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Career Fair with benefits

Purdue University Calumet students David Benirschke (left) Schererville; Xiaoxi Lou China; Kulwinder Singh Swatch AdiyLingarasu both Indiattend Career Internship Fair

Purdue University Calumet students David Benirschke (left), of Schererville; Xiaoxi Lou, of China; and Kulwinder Singh Swatch and Adiya Lingarasu, both of India, attend the Career and Internship Fair at PUC in Hammond. | Stephanie Dowell~Sun-Times Media

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Updated: April 6, 2013 6:06AM



The community was recently invited to the Career and Internship Fair 2013 at Purdue University Calumet in Hammond.

“The event is definitely geared toward our students and alumni, however, we believe it is a wonderful opportunity for the community as well, therefore it is open to the public,” said Shelly L. Robinson, PUC director of career services. “Many employers have additional positions available that do not require degrees or may require an experienced professional. I really feel this event has something for every job seeker.”

She added that her department enjoys collaborating with local businesses to meet their recruitment needs, as well as assisting students with their professional goals and career development.

Ninety-nine employers set up tables loaded with information about their respective companies and organizations in the large gymnasium. Hundreds of job and internship seekers dropped off résumés and mingled with representatives.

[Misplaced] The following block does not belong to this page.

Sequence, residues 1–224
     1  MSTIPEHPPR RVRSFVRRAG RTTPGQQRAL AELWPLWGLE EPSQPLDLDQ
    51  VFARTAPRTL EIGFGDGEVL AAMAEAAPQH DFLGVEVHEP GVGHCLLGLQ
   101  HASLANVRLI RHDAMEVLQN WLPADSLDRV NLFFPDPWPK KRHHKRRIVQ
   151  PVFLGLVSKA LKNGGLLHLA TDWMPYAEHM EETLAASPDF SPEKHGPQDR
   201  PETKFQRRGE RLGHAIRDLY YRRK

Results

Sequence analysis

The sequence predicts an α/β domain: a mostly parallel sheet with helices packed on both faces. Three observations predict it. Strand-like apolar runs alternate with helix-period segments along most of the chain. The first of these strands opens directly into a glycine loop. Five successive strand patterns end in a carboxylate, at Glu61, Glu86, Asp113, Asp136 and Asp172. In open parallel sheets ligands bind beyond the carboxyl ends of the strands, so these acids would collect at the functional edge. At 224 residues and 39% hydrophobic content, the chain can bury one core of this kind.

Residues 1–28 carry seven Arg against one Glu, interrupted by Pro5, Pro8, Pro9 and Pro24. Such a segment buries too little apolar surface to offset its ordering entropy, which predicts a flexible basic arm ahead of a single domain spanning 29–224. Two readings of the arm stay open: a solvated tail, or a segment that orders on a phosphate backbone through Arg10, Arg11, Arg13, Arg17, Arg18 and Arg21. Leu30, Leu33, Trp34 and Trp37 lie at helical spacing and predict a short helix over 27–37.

“I’m not graduating yet, but I wanted to talk with some companies in my career field,” said PUC sophomore Anthony Philips, who is majoring in construction management. “The companies I’ve seen here have given me some valuable information I wasn’t aware of.”

Potential employers ranged from insurance companies and restaurants to the Indiana State Police and healthcare providers.

Phillip Quandt, of Munster, manned the table for Republic National Distributing, a wine and spirits wholesaler and distributor. Learning in-depth about your chosen career and what it takes to climb the ladder is valuable information that can be found at a career fair, the research developer said.

“When I was I school, I didn’t have that opportunity,” he said. “I would have liked to know how a beverage company worked before I was hired and started climbing the ladder.”

Kara Rutherford and Kalea Rutherford, both of Hammond, are new to the area and looking for a college to help develop their careers.

“We want to know what jobs are out there and which majors are the most valuable,” Kara said.

Kalea agreed, adding, “Coming to these job fairs are a reality check for us. The companies here are actually hiring, and they can tell us exactly what they are looking for and what skills we need.”



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